As a setup, the first four episodes do a very solid job of introducing us to a whole lot of things and making it a very engaging world, if bloody and deadly. What the show does from there is far more interesting as the next nine episodes comprise an entire action sequence. It’s a bit more than I suspect people might have expected going into it, but when marathoned, it’s a thing of beauty. With five years having passed since Eren lost his mother and having just now graduated, the next wall is under attack by the Titans and they begin a massive sprawl into the city, causing chaos and death all around as they kill and eat while people attempt to flee. This forces the garrison side into action and we see how the new trainees that just graduated are dealing with it about as well as many veterans as there’s just this absolute fear and terror that comes from facing such monstrosities that live only to destroy you. Eren has been so singly focused for so long that he’s primed and ready to go even while coping with the fear he has.
There’s a very good range of characters involved in the fight and because of the nature of it, we do get a number of losses along the way. It may seem like a series of casual deaths at times since they don’t get quite the glory moment or the mourning that you would see in some other shows, but it’s so well focused on the fight at hand since there’s so much at stake that it definitely feels right in how it’s portrayed. There’s some fantastic visuals in all of this as it moves forward, especially with the way the garrison fighters swing around and use their powered machines to propel them. Because the show is spending so much of its time on this single fight, it covers a lot of different areas as it progresses with tactical situations, refueling and trying to save others, even though that feels like a very distant concern considering the way the fear sets into so many of them.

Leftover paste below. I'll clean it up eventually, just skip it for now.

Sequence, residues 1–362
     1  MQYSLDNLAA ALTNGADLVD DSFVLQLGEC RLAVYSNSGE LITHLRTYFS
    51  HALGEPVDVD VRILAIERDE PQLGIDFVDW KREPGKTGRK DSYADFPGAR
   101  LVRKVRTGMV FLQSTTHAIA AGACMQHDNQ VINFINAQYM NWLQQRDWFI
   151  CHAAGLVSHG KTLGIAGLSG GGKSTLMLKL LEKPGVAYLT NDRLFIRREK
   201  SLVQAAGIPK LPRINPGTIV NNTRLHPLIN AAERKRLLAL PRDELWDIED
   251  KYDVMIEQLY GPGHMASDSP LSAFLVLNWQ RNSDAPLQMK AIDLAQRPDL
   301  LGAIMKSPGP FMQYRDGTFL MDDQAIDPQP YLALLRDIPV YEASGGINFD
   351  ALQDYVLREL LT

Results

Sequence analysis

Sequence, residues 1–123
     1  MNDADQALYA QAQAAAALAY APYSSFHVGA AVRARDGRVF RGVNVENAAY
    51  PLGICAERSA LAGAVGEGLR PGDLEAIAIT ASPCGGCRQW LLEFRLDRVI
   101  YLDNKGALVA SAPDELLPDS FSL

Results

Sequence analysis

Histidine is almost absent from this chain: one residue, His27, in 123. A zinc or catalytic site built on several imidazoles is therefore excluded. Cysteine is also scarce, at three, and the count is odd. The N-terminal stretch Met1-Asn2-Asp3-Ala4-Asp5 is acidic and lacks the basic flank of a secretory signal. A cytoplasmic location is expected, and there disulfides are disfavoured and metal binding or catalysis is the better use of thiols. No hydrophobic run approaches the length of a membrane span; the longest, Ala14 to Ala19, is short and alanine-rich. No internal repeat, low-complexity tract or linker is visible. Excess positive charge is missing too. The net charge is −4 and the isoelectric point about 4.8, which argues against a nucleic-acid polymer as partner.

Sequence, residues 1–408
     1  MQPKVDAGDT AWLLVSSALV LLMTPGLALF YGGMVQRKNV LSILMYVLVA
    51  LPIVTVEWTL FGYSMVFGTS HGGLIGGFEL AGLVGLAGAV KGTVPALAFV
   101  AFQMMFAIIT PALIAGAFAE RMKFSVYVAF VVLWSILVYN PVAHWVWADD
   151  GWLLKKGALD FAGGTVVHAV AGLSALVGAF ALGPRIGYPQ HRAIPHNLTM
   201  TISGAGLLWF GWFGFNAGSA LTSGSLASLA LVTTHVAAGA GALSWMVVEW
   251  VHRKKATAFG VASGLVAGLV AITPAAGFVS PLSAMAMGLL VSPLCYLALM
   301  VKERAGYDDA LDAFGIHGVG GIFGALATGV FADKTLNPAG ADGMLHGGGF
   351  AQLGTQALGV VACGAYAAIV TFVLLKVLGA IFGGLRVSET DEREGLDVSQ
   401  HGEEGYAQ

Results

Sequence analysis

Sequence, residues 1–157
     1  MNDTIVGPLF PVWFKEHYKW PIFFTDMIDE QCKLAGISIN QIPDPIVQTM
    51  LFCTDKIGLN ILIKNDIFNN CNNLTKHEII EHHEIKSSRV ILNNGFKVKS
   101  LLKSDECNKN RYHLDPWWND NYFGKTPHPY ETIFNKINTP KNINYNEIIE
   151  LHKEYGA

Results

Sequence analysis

Where the show gives us a twist, one that we think we know some of how it will be resolved, is that amid the first of the battles that Eren gets involved with, he does the heroic thing in rescuing Armin before he gets killed only to get killed himself. Literally eaten alive, losing an arm and a leg as he ends up in the Titan’s belly where we see others that have been digested, some of which are going through the last throes of life. Seeing this is separated a fair bit from when we see him eaten, which allows the show to focus on others for awhile while we await his return as you know it must come somehow. The big twist is that for reasons unknown, he’s able to will a fifteen meter tall Titan into existence himself with his body bonded to it inside. He can control it to some degree, but it’s a struggle for him to do so and realizing that he’s in it is half the battle right there since his mind has a hard time processing it. This is a first in the modern history of the world in the fight against the Titans, and it can radically change things – if others let him live long enough to figure it out. Because of the fear they all have to varying levels of Titans, there’s a whole range of emotions about how to handle him.